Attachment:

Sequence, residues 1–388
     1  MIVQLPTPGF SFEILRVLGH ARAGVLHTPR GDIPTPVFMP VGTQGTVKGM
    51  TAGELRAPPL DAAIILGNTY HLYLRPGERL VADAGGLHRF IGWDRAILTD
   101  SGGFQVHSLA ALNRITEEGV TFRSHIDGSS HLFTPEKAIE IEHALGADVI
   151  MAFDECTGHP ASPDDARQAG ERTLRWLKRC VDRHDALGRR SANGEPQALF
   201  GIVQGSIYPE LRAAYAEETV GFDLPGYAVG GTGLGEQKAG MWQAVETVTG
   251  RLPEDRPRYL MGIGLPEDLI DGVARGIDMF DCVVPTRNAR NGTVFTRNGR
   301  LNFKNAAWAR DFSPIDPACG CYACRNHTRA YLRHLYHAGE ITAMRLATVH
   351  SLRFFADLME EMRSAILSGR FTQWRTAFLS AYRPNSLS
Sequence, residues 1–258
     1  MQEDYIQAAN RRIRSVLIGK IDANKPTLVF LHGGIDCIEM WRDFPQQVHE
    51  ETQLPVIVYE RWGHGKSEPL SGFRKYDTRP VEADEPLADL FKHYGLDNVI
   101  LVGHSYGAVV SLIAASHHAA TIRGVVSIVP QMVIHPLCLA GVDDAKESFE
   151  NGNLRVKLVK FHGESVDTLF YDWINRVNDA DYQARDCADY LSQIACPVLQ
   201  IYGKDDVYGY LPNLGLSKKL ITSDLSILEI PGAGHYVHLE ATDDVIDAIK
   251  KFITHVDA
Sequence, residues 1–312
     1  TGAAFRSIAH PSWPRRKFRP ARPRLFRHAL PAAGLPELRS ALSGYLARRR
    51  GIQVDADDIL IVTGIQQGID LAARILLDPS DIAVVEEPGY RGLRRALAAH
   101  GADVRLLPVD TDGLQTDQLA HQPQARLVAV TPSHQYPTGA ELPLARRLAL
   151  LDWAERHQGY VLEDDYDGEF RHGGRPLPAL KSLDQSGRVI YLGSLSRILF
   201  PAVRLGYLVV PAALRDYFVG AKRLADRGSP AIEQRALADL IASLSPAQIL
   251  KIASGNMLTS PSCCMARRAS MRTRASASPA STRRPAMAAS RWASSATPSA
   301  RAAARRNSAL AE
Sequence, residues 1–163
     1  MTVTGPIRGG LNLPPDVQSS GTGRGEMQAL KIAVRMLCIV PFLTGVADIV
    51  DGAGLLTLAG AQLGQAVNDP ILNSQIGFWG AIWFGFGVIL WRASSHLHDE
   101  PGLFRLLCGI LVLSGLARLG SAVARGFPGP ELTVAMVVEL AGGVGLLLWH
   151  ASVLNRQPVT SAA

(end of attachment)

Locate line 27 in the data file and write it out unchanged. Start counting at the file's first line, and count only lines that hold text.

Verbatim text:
    51  DGAGLLTLAG AQLGQAVNDP ILNSQIGFWG AIWFGFGVIL WRASSHLHDE